As the Times stated:
Across the N.F.L., teams even try to place extensive controls on how cheerleaders conduct their lives outside work. This includes limiting their social media activity as well as the people they choose to date and socialize with. Restrictions are placed on their nail polish and jewelry.
But wait, it gets worse. An even more recentNew York Times article revealed the following:
When the Washington Redskins took their cheerleading squad to Costa Rica in 2013 for a calendar photo shoot, the first cause for concern among the cheerleaders came when Redskins officials collected their passports upon arrival at the resort, depriving them of their official identification.
For the photo shoot, at the adults-only Occidental Grand Papagayo resort on Culebra Bay, some of the cheerleaders said they were required to be topless, though the photographs used for the calendar would not show nudity. Others wore nothing but body paint. Given the resort’s secluded setting, such revealing poses would not have been a concern for the women — except that the Redskins had invited spectators.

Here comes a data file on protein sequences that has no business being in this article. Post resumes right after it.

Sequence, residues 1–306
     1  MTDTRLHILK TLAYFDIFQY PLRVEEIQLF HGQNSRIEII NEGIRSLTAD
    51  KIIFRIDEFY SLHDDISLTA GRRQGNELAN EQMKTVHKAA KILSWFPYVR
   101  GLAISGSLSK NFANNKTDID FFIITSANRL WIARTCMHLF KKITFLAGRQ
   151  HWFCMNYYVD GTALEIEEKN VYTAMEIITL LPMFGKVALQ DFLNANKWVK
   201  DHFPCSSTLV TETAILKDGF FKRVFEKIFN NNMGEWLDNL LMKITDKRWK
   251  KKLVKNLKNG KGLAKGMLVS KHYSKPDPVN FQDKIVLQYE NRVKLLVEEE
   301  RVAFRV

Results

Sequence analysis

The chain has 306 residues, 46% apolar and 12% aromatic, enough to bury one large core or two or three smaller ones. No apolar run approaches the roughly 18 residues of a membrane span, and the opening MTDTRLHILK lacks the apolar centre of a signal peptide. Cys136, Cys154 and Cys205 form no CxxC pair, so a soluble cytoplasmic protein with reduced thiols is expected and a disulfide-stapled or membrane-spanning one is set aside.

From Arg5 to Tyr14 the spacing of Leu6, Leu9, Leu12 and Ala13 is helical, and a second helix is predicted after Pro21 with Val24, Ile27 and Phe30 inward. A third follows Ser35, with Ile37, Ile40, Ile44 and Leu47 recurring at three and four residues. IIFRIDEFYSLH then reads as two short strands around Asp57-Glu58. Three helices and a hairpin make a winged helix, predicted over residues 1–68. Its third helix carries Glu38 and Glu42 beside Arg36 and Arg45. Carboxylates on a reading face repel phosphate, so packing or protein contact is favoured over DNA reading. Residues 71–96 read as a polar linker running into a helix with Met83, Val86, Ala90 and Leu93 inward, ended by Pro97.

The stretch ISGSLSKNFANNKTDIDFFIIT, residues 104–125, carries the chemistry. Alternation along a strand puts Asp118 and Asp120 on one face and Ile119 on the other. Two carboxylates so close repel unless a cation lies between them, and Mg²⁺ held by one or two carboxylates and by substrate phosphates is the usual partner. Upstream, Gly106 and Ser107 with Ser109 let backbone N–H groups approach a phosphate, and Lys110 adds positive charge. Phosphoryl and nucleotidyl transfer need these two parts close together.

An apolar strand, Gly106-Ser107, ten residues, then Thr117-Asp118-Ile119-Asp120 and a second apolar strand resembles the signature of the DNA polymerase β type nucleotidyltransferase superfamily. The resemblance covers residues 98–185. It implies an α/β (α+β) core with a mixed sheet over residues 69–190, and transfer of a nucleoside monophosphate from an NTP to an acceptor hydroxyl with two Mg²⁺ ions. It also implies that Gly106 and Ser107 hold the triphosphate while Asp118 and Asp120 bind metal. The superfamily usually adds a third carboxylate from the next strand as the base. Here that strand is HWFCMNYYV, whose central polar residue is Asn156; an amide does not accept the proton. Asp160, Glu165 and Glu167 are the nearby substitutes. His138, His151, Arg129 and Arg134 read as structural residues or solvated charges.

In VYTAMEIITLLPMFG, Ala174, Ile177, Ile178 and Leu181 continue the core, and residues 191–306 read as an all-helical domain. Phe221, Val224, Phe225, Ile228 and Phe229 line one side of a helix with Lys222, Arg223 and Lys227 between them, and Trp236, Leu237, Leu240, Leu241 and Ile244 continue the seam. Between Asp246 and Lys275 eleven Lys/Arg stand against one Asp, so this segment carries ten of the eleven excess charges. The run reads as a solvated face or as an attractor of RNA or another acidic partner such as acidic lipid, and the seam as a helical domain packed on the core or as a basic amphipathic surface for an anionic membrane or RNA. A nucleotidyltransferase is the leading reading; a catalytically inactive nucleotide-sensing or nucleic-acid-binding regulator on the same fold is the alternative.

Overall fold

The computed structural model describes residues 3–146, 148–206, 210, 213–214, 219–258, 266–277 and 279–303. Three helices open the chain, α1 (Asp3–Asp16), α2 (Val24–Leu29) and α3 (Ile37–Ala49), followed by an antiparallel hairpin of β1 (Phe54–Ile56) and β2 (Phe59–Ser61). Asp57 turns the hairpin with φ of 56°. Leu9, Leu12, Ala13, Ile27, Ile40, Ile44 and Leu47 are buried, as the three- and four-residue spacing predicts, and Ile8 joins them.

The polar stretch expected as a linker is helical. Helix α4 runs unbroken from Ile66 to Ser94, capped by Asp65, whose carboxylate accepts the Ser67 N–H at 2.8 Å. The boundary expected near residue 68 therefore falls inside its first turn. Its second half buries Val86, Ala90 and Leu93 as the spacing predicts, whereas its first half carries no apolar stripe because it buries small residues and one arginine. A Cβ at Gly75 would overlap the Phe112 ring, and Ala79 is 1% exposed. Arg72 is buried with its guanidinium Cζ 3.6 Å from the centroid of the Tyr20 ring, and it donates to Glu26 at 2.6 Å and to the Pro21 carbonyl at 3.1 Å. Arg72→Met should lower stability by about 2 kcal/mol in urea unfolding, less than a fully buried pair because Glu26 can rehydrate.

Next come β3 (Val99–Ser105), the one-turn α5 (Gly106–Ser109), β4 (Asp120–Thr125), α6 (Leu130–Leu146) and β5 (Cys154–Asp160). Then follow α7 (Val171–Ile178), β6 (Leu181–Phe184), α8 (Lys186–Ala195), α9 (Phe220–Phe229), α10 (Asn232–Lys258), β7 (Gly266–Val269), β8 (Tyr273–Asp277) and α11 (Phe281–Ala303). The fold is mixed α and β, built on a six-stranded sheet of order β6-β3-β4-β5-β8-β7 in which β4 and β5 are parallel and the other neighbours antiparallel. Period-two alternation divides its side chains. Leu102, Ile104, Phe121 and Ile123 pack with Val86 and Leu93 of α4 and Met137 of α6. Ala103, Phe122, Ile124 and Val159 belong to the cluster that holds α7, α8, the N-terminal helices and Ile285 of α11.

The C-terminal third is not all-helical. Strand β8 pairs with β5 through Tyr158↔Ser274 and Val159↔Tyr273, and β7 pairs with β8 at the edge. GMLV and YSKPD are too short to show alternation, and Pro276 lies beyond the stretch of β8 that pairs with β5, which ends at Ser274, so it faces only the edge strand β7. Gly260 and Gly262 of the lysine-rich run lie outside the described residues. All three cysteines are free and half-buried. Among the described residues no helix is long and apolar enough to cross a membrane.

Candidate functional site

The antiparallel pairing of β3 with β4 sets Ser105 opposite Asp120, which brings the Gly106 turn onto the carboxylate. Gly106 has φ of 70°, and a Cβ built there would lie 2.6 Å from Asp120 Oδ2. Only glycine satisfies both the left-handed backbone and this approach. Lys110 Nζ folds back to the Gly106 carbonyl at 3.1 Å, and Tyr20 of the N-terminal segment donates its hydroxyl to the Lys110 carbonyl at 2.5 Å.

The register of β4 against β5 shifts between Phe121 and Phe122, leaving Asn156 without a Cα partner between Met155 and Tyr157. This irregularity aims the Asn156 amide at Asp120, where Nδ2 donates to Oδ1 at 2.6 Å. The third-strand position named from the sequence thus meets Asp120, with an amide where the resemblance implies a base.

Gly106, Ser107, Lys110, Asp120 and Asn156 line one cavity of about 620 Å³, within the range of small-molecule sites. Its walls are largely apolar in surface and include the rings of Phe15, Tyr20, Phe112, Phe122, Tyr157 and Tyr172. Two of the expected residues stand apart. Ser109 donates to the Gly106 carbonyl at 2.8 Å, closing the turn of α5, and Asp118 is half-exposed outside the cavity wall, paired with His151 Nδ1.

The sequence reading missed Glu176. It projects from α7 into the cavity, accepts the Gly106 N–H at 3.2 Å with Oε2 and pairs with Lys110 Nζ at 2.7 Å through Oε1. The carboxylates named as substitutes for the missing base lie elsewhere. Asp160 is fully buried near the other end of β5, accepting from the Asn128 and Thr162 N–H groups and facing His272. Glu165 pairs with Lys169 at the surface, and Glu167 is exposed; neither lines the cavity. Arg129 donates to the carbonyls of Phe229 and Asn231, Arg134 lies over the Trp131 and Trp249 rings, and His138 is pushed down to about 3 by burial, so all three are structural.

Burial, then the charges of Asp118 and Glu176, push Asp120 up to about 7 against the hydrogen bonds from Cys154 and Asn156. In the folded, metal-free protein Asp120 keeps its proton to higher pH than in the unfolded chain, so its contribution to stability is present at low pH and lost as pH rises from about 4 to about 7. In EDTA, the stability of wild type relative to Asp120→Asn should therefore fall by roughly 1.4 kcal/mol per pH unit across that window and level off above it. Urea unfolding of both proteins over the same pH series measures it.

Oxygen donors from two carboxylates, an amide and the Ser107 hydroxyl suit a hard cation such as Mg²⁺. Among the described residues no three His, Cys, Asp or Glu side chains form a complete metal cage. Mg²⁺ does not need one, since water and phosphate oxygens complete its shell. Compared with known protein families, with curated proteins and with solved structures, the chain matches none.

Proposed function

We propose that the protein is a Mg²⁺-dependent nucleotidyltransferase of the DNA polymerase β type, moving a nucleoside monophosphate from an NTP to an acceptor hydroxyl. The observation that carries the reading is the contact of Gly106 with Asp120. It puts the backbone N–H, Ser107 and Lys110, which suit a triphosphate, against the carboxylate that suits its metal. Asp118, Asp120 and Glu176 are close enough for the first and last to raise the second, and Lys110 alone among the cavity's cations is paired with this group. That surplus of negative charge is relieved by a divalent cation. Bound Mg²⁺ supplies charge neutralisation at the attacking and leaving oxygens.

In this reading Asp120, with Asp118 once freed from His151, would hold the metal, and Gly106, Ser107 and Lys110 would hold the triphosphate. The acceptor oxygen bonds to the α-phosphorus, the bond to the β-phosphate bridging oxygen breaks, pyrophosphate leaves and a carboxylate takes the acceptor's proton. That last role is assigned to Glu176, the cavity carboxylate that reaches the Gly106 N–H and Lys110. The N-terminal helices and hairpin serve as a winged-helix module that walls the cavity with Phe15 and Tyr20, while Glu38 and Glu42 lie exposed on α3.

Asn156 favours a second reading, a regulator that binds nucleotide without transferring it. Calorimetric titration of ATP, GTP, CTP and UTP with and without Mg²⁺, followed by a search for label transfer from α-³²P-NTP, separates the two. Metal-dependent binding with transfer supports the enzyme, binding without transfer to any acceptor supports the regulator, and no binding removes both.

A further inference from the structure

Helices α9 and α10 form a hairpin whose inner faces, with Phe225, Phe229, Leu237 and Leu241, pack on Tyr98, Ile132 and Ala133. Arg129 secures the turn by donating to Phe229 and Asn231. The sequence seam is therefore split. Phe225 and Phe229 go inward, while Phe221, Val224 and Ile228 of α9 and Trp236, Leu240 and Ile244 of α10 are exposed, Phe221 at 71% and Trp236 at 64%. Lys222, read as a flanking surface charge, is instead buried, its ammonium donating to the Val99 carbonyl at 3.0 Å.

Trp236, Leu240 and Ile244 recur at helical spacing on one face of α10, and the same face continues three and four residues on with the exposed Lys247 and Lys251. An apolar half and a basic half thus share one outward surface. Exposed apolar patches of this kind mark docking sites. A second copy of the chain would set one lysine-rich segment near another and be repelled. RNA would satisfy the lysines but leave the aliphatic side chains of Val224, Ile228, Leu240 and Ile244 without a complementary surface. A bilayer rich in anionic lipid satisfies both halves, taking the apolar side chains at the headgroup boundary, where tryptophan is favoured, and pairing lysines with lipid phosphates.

A contingent of sponsors and FedExField suite holders — all men — were granted up-close access to the photo shoots.
After the shoot finished, some of the women were told to go change and accompany the men for the evening. Although nothing strictly illegal took place, if you will, this still sounds uncomfortably like human trafficking to me.
The team has probably changed its policies, now that this has come out, or is in the process of doing so. But the whole thing is shameful, and I’m even more proud to be a Steelers fan.
And speaking of the Steelers, on to the actual Steelers news.
Let’s get the bad news out of the way first
1) Le’Veon Bell has released another rap track. It is subtly titled “Target” and in it he takes a pot shot at pretty much everything connected with the Steelers, including their fans. Tim Benz of the Trib has a “review” of the track, with rebuttals of essentially every sentiment expressed, and with a bonus video of Terry Bradshaw singing “Jambalaya.” He begins: